Tintoretto’s many paintings from the 1500s in the Scuola di San Rocco also left me in awe and breathless. There are dozens of massive works on the walls and two ceilings of the gallery giving the eye multiple places to look as one sways in blissful dizziness. The apex is found in a large side room with an entire wall depicting a massive scene of the Crucifixion, which I experienced as a series of planar rectangles bouncing and folding out in various impossible directions and dimensions. The elegantly painted blues and reds, and the soft palate of the master leaves one knowing that mankind is capable of the most subtle ideas of beauty and grace.
In Padua, I was treated to viewing the rare fine wine of fourteenth century frescos in the Basilica of Saint Anthony, the Oratorio di San Giorgio, and the Arena Chapel. I stood in the large chapel of the Oratorio with just two other amazed tourists and took in the wall painting rendered by pupils of the greatest Early Renaissance master, Giotto. At the Arena Chapel frescoed by Giotto, I can hardly describe the aura of sublime artistic wonder that the master evokes, especially in his wall sized depiction of The Last Judgment. Giotto’s achievement is the height of both technical and mystical genius. The art pops off the walls at the viewer and there is much to feast on for soulful edification. Giotto helped usher in humanism and the Renaissance spirit and his paintings gave the world a quantum leap in depicting spiritual ideas and human and so-called divine emotions. By the time Veronese, Bellini, Carpaccio, Tintoretto and Titian were painting in Venice two hundred years later, their figures displayed the most subtle of physical characteristics and in the expressions of their men, women, saints, and ancient gods, one can sense the very ideas stirring within them.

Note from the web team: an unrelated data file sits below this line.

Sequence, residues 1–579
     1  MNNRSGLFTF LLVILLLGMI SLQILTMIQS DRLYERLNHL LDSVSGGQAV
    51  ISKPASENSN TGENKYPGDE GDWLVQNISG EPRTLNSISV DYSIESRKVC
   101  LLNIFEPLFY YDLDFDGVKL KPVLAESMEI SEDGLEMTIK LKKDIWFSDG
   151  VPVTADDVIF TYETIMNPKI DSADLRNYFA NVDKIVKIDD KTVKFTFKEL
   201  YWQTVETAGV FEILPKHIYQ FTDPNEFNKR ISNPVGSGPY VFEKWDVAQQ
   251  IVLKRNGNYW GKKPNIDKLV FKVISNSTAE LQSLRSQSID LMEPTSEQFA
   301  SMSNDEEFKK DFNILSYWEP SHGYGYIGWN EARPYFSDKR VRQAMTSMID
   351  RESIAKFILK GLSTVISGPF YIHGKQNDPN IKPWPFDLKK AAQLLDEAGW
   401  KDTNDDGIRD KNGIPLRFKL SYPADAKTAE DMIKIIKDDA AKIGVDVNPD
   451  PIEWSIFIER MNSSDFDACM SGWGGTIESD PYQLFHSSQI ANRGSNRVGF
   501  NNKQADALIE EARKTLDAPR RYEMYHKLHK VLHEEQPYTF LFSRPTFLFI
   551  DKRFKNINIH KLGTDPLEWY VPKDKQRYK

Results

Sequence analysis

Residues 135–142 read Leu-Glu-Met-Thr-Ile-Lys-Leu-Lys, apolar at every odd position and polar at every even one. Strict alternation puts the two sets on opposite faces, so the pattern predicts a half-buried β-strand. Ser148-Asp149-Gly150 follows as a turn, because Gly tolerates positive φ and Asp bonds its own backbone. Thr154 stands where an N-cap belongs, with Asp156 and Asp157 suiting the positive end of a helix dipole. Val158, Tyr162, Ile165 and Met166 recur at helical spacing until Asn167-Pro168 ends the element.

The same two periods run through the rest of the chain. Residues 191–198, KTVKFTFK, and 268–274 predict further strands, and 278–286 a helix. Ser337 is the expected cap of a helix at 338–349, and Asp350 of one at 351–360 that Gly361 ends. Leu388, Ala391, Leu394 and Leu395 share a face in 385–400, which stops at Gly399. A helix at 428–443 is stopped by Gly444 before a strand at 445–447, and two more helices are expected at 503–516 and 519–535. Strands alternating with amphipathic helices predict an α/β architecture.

Titian is again found in the main museum of Venice, L’Accademia. In his late painting on the meditation of the dead Christ, he is found in self-portrait as Saint Jerome who gently holds the hand of the impressionistically rendered avatar. I wondered if Titian is almost pleading for spiritual guidance as he ponders his own impending demise. One leaves the museum viewing Titian’s wall-sized depiction of The Presentation of the Virgin where Mary rises up a stone stairway towards the Temple where an imposing bearded priest awaits.
The problem with lifting the allegorical veil to study the mindset of the mystic painters of the wild Freudian Id is that it is at times not easy to close the door again from the rush of ideas and possibilities. And I awoke in my bed in the hotel just outside Venice, half awake, half asleep, and I gently swayed as if sailing on a canal and from the corner of my eye I could see high above the spiritual cauldron of yore and of Idea, generating the cloud images offered by the imaginations of those who’d come before. As I returned to slumber, I imagined I could hear a gentle and profound word or two of encouragement and perhaps approval uttered by the Conscript Fathers or maybe even by the spirit of the Doges and his Magistrates themselves.